Building a career in transportation is similar to making your favourite hamburger

North Americans love their hamburgers. I am not asking you to believe me, just look at the thousands of burgers sold by food chains like McDonalds and Wendy’s. Every barbecue includes a good hamburger on the menu and the variety of toppings that go on a hamburger to create the best hamburger are as varied as the people creating them. But what does that have to do with transportation?

Like any good hamburger it all starts with two main ingredients which is the foundation. The first piece is the patty itself and I will let you create your favourite here as I am not about to get into the debate over vegetarian or meat. The next important piece is the bun which again can be your favourite. Without those two items no matter what you put on it is not considered a hamburger. The same can be said for a career in trucking. You need to have a foundation and the training from a certified school is the same as having the burger itself. You can get an A license or D license and that is the same as deciding whether you like meat or vegetarian. Getting the actual license is the bun and without that you don’t have the hamburger or career. The ingredients that go on after that are up to you on your hamburger and your career is the same.

The toppings on any hamburger are where you get the taste you desire and the joy that comes with it. That’s why so many restaurants have so many different choices for their customers as everyone has different tastes. In the transportation industry once you have your license, good training, and some experience your career options open up for the new driver. It is the same as having all the ingredients you like on the buffet for your choosing. Do you want to be a driver working with a specialized carrier in a private fleet? Do you want to move into non driving position such a dispatch or safety. Do you want to be an owner operator and have your own trucking business? The options are up to you just like the toppings you will put on your hamburger.

Truck driving of course isn’t as simple as making your favourite hamburger but is similar in theory. The point is that you have to have that foundation for a good career. Without the foundation, a.k.a. The burger and bun you have nothing but sloppy ingredients. If you don’t have a decent foundation for your career in certified training and the proper license then you too will have a sloppy career. How you like your hamburger is up to you, just like your career!

About the Author

Bruce Outridge has been in the transportation industry for over 30 years and is the author of the books Driven to Drive, Running By The Mile and is also the host of the Lead Pedal Podcast for professional drivers. TTSAO also known as the Truck Training Schools Association of Ontario has certified member schools in the truck training industry ensuring quality entry level drivers enter the transportation industry. To learn more about the TTSAO or to find a certified school in your area visit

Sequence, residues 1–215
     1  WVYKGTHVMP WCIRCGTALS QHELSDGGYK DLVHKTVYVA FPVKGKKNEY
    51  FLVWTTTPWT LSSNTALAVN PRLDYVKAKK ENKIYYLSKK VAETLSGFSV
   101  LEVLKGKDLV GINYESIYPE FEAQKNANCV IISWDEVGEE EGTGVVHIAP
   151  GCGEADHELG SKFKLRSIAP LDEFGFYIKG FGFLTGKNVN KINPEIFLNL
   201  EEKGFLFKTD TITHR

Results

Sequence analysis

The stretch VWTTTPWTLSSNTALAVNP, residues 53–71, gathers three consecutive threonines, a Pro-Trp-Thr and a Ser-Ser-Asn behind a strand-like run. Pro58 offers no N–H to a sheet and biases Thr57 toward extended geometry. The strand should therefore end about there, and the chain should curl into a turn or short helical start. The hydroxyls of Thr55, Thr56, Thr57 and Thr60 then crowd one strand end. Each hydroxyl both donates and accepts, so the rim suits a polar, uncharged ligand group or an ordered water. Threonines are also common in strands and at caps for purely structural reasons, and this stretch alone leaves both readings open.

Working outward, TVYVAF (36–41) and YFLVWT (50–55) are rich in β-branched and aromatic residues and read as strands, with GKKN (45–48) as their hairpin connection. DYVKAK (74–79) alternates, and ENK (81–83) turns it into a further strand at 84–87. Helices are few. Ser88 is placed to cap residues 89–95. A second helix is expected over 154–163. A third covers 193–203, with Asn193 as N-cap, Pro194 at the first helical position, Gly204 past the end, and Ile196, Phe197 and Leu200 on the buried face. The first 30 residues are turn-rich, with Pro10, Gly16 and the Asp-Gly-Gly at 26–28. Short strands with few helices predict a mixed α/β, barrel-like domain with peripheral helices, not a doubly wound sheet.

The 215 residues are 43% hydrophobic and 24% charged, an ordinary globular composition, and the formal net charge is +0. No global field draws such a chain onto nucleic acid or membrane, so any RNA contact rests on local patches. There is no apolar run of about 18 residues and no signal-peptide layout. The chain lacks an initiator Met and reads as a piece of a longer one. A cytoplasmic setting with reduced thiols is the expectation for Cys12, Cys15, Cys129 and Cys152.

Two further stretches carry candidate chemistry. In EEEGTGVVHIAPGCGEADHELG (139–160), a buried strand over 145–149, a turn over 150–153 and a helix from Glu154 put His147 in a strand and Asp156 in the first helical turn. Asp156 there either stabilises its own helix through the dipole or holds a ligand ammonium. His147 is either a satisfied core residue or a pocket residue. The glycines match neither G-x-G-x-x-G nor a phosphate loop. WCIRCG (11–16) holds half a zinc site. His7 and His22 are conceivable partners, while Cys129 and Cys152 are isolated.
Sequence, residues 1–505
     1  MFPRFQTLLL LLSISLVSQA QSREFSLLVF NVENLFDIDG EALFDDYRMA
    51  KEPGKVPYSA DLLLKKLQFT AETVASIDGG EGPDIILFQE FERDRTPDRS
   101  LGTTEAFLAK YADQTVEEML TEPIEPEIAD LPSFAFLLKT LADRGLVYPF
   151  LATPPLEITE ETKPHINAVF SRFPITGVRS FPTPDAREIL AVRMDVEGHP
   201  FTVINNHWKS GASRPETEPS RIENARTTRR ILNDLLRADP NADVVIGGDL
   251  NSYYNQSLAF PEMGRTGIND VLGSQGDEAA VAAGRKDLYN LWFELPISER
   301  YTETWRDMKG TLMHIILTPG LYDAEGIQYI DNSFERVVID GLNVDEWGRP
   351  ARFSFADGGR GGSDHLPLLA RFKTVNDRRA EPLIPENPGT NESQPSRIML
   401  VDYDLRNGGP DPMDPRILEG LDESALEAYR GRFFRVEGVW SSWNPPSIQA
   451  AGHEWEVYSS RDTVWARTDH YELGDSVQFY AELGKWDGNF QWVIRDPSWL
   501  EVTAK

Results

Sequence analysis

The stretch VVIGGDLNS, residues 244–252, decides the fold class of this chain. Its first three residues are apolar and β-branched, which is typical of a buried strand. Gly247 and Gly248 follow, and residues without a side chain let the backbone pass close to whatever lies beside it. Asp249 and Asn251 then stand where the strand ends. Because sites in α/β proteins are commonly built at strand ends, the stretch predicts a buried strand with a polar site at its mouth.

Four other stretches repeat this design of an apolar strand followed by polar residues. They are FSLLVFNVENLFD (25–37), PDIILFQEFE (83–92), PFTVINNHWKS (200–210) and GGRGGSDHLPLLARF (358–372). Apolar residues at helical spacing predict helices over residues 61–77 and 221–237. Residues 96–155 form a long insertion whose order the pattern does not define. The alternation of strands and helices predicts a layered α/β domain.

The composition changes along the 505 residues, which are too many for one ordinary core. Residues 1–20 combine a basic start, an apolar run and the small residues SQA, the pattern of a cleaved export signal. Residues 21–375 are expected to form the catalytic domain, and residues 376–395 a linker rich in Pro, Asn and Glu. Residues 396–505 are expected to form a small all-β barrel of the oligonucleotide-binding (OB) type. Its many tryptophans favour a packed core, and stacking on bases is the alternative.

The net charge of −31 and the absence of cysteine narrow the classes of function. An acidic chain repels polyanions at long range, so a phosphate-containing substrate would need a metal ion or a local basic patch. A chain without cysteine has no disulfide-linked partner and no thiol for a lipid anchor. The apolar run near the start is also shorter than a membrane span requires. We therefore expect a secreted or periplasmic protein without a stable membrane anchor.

Private Motor Carrier named official TTSAO conference publication


Private Motor Carrier named official TTSAO conference publication

The Truck Training Schools Association of Ontario (TTSAO) is excited to name Private Motor Carrier magazine as the official publication of the organization’s first-ever annual conference, scheduled for Feb. 23 and 24.

The January/February edition of the national magazine will include articles about trends in transportation training, the complete conference agenda, speaker bios, and a training school directory. Bonus distribution will reach out to training schools across Canada, driver placement agencies, and every conference attendee.

Private Motor Carrier is also the official publication of the Private Motor Truck Council of Canada (PMTC), and is distributed to the readers who oversee private and dedicated contract fleets.

“The Private Motor Truck Council of Canada became a strategic partner with the Truck Training Schools Association of Ontario earlier this year. Private Motor Carrier magazine is thrilled to build on that cooperation by becoming a strategic partner and associate member as well,” said John G. Smith, publisher and editor in chief. “With this special conference edition, we’ll be able to provide private and dedicated fleets with valuable insight into training initiatives and related services.”

Smith also committed to conference coverage in the magazine and through Training initiatives are becoming increasingly important to private fleets, and one of the scheduled

conference seminars will include the future of recruiting in these unique operating environments.

“John G. has been a long-time supporter of the Truck Training Schools Association of Ontario and been involved in transportation training initiatives across Canada. We’re thrilled that he is committing the magazine’s resources to help make our annual conference the best it can be,” said Kim Richardson, TTSAO chairman of the board.

The TTSAO conference kicks off at the Sandman Signature Hotel in Mississauga, Ont. with a reception at 6 p.m. on Feb. 23. The next day, the agenda is packed with an array of information sessions. The conference registration form is now available at

For more information on the special edition of Private Motor Carrier magazine, contact John G. Smith at 905-686-4851, or email

For more information, please contact:
Kim Richardson – Chairman, TTSAO – KRTS office – 1-800-771-8171 x 201 or cell – 905-512-0254 or by email at

Charlie Charalambous – Director of Public Relations, TTSAO – Northbridge Office – 1-800-265-7173 or cell (416) 473-3986 or by email at

Striving for Success in Training


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